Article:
Direct ActionTyree Scott, an electrician, and other African American contractors formed the Central Contractors Association in the spring of 1969 to seek a greater share of the many federally funded construction projects and jobs that were transforming the King County region at the time. Although local government agencies were often willing to comply, African American contractors and workers made little headway with the powerful building trades unions, which largely controlled hiring and resisted calls to open lucrative skilled construction jobs to minorities.
With the support of other civil rights activists, including Michael Ross, Scott and CCA led a dramatic direct-action campaign that "brought every major, federally funded construction site in the city of Seattle to a halt in late August and September of 1969 ... by disabling equipment, blocking workers from their jobs, and demanding that federal civil rights law be used to force unions to hire more black workers" (Griffey). Sea-Tac Airport, site of $47 million worth of federally funded construction projects that included the airport's second runway, was one of CCA's targets. In September, Scott led more than 100 demonstrators onto Sea-Tac's flight apron, delaying some flights and shutting down construction.Court Action
One day after the demonstration on the runway, the Port of Seattle (which operates Sea-Tac), joined by the University of Washington, where CCA demonstrations had shut down construction on the massive Kane Hall/Meany Hall/"Red Square" project, asked the federal district court both to bar CCA from disrupting construction sites and to order the unions to accept minority workers. District judge William J. Lindberg agreed, issuing an injunction that prohibited CCA from disrupting construction sites and ordering that minority trainees work on the construction projects.
In addition to the federal lawsuit, Governor Dan Evans (b. 1925) proposed an affirmative action plan, but the construction unions rejected it. By October, thousands of white construction workers, organized as Voices of Irate Construction Employees (VOICE), were demonstrating in Seattle and Olympia against minority hiring.
Asserting that the 20 minority trainees ordered by the court had not been accepted, Scott announced that CCA would return to Sea-Tac on November 6, 1969. King County Executive John Spellman (b. 1926) responded by declaring a state of emergency and mobilizing officers from police departments throughout the county. Complying with the injunction, the CCA demonstrators did not approach the runway or construction site. Instead, Scott and Ross led a group of about 350 people in a largely peaceful, three-and-a-half hour demonstration in the airport terminal. Leaders of VOICE did not organize a counter-protest but there were some counter-demonstrators and VOICE members observed and took photos.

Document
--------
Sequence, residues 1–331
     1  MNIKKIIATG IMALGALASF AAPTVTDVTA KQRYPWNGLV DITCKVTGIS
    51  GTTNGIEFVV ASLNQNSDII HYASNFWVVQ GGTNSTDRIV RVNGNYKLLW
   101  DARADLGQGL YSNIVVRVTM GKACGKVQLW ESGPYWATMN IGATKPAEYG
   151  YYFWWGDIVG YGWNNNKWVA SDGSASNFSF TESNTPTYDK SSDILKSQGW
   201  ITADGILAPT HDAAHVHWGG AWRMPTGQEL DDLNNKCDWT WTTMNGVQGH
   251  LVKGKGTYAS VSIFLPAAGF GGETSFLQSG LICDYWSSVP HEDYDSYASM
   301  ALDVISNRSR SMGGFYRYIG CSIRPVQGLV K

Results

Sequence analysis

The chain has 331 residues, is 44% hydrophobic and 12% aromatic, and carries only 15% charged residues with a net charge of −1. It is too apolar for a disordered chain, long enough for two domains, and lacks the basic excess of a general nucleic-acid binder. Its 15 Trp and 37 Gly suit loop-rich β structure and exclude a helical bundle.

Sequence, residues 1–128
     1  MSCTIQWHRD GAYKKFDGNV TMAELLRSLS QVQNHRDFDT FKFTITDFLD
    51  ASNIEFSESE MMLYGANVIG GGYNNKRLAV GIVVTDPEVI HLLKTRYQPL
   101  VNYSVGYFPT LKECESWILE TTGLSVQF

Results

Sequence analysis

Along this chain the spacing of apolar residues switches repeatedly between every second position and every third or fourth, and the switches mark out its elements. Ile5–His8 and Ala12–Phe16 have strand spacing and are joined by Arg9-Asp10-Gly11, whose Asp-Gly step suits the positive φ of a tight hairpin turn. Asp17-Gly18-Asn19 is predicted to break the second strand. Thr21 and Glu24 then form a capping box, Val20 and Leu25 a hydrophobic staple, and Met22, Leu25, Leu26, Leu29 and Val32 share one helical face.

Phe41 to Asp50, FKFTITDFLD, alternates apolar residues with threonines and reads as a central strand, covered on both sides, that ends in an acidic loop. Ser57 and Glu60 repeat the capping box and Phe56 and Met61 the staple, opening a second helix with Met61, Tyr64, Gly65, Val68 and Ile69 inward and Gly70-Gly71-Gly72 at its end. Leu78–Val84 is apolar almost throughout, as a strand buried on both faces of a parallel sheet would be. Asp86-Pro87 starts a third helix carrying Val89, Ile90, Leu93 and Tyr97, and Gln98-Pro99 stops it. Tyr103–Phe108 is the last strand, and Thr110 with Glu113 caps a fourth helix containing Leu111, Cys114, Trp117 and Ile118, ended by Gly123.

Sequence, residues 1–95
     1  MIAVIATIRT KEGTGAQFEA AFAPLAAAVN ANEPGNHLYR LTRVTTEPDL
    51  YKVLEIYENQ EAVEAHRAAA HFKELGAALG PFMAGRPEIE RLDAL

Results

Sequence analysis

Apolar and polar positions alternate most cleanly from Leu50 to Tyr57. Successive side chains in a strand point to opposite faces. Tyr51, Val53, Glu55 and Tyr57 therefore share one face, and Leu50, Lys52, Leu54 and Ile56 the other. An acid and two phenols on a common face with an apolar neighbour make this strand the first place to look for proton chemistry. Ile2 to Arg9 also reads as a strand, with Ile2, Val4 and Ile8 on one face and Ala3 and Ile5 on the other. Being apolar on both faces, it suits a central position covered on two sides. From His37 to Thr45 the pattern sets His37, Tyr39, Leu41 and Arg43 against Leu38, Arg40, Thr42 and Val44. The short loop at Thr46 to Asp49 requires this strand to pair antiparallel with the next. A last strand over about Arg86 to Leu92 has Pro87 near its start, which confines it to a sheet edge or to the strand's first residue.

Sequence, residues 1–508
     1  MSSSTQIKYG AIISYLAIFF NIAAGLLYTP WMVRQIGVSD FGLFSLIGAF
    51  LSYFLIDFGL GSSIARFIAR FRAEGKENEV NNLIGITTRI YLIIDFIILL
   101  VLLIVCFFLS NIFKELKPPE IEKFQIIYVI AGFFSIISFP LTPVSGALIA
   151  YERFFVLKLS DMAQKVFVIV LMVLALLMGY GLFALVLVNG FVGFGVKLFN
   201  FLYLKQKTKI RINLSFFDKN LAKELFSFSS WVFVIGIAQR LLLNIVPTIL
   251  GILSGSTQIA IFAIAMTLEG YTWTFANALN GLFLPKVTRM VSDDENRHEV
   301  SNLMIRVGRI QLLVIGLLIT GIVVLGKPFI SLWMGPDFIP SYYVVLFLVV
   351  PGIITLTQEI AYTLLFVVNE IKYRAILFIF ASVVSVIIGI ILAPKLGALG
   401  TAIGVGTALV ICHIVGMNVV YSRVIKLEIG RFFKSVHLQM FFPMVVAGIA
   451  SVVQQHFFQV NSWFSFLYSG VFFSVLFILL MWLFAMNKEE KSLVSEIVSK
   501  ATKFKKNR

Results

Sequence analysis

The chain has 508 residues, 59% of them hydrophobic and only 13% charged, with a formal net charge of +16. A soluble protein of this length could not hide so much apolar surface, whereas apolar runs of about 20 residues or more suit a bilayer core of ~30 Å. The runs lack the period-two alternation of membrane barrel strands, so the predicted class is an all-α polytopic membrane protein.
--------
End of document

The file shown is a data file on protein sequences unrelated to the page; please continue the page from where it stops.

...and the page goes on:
The CCA demonstrators "walked, sat and milled around the reservations desks and concourse areas ... surrounded at all times by riot-clad deputy sheriffs and [police] officers" (Hannula, "50 Arrests"). Gradually the demonstration became a sit-in, with protestors sitting and singing "We Shall Overcome." The demonstrators' presence slowed passenger traffic through portions of the terminal and airport officials reported some flights were delayed, but none canceled. After several hours, police announced that the demonstrators had to leave or they would be arrested for trespassing. Scott urged supporters to stay, saying "when there were 2,000 white union workers downtown, they didn't say a word. They only enforce the law against blacks" (Hannula, "50 Arrests"). Many demonstrators did leave, but 48 were arrested, including Scott and Ross.
The following morning, at the Port's request, Judge Lindberg expanded the injunction against CCA that had previously only barred disrupting construction sites by adding stringent new prohibitions against any interference with any public facilities related to the construction hiring dispute. Even as the expanded injunction was issued, United States Attorney Stan Pitkin insisted that the Justice Department hoped to resolve the underlying discrimination complaints against the unions and construction industry within two months.It actually took slightly over six months, but on June 16, 1970, Judge Lindberg ruled that the union hiring practices and training programs violated Title VII of the 1964 Civil Rights Act. The judge imposed a sweeping affirmative action program on the construction industry, including quotas in hiring, training, and union membership. Law professor William Gould called Lindberg's ruling "at the time of its issuance, the most comprehensive Title VII decree rendered in any court."